How far do you need to row? An inflatable should be fine over short distances but the proverbial PITN for anything further.

We initially brought an inflatable (Achilles with 5hp) and it's a good tender but even though it's made of hypalon I thought it wouldn't last being dragged from rack to water and vice versa so it's stored at home until needed.

So we got a 9' aluminium dinghy. At about 30kg it's too heavy for me to handle by myself. For two it's great. Rows well.

I also brought a 6'6" fibreglass pram for when it's just me. At about 22kg it's still heavy, it's got no real stability compared with the 9' alloy, and the freeboard and the buoyancy are in the wrong place for more than one person.

The 5hp 2 stroke is too heavy when it has to be manhandled, and it's not big enough to drive the 9' boat quickly anyway, and it's too big for the small pram. I should have gone with the lightest available 2 stroke (about 2.2hp).

I found a pair of old oars in a dumpster that have been great for the little pram with a little patching. I had to make extra long oars for the tinnie myself as all the commercially available oars are too short. I should have brought the fancy rowlocks as the cheap ones are a PITA.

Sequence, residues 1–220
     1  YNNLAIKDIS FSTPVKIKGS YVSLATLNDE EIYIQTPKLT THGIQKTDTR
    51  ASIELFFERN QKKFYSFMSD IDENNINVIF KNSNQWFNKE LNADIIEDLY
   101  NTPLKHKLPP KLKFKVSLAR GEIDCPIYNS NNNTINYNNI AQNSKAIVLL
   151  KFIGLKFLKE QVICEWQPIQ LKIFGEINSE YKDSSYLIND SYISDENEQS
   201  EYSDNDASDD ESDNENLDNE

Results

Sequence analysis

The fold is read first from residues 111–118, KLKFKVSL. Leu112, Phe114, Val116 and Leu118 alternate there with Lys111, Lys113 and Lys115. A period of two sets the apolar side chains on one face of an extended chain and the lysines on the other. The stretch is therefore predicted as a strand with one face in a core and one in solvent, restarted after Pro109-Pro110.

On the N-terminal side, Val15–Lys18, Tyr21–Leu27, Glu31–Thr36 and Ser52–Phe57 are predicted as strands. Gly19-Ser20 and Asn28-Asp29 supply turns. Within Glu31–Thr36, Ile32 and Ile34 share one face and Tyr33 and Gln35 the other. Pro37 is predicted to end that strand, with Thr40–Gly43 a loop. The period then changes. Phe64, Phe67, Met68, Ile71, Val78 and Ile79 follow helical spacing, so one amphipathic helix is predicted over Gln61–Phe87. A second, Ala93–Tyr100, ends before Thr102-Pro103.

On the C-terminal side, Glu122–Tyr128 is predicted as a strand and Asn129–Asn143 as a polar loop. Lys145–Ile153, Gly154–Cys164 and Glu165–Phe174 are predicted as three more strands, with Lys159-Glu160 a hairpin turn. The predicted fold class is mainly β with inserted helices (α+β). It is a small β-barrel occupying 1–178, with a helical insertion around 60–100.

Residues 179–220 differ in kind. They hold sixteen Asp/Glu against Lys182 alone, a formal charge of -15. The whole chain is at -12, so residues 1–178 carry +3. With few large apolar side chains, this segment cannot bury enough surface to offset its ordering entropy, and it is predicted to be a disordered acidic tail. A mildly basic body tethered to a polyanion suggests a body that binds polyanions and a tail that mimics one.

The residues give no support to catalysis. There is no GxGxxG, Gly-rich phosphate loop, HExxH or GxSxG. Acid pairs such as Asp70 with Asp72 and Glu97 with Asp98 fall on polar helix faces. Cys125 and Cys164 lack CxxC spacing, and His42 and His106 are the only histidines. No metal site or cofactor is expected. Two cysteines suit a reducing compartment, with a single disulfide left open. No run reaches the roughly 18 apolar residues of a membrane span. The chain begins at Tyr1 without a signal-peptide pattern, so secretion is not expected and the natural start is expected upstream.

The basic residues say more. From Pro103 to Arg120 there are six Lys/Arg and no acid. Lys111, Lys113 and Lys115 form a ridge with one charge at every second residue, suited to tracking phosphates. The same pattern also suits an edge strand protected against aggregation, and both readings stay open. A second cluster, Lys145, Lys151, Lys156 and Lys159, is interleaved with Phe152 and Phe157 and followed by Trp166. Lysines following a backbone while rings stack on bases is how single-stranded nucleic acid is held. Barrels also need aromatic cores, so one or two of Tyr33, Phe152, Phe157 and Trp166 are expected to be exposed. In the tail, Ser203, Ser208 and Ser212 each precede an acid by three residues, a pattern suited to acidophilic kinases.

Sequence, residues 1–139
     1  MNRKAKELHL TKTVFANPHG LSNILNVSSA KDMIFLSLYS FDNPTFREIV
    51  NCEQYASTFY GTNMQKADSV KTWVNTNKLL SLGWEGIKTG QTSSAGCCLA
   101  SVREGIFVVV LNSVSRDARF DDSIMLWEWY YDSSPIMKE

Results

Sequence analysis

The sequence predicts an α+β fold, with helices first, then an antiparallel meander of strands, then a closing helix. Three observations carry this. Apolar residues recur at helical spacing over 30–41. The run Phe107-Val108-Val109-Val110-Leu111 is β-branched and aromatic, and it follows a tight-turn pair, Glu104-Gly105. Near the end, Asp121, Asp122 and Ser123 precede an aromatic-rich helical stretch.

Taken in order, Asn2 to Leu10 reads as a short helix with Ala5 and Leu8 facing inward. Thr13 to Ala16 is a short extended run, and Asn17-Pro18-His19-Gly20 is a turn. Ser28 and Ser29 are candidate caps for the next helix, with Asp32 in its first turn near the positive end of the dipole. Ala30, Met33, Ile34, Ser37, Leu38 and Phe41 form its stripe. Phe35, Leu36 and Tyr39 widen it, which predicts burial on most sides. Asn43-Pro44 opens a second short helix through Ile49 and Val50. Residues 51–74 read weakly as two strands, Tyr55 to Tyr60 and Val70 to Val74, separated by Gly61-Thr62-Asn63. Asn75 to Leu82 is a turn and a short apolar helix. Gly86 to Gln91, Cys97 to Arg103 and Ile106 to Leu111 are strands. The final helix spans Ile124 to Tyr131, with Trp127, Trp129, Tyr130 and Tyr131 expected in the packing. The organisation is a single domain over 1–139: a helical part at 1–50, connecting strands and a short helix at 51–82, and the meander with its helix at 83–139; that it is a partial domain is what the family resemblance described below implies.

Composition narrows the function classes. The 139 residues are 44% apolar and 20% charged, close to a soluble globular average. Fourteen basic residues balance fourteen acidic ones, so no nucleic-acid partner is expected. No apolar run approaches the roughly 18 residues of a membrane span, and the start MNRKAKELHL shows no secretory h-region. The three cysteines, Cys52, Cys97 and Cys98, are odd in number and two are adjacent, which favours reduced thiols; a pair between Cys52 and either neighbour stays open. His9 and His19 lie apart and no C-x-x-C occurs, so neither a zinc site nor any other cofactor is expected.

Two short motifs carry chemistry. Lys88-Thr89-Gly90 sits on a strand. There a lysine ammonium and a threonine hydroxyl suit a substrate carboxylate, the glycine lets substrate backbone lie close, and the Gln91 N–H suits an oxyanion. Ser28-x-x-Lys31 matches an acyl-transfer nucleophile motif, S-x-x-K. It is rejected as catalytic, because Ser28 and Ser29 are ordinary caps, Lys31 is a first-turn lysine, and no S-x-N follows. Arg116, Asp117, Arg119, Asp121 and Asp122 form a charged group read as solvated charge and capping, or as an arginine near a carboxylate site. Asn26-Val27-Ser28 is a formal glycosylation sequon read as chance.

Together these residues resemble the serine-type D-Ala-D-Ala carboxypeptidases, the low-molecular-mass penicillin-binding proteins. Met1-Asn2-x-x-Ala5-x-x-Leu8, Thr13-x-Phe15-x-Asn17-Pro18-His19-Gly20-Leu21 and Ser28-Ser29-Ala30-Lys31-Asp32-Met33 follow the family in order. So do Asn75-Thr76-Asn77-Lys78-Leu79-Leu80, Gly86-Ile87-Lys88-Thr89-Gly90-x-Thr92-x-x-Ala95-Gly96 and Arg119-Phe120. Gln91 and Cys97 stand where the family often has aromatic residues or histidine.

I dream of a "take apart" 15kg foam/carbon fibre 8'*4.5' catamaran. I'll make it one day, but I have a boat to "finish" first.
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Old 31-08-2010, 20:56   #22
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I've thought about down/side grading also. When I bought my RIB I thought it was the best thing since sliced bread, but it is heavy both in the water and on the davits. I have it stern mounted and it is too heavy compared to the soft inflatable it replaced. I've looked at the hard dinghies being able to sail would be a feature.
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Old 01-09-2010, 12:44   #23
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I don't plan on rowing too far...but if I had something that was actually rowable that may change. On the other hand I can't plan just how from the mothership I'll be when the engine decides to act up and I'm forced to row.

Really liking that Watertender! It's a about the same size as my RIB, but much more room inside. Even new, I could probably get enough for the inflatable to pay for it and then some. And it's conveniently rated for 5HP, same as my old 2 stroke...if I can get it running.
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Old 01-09-2010, 12:48   #24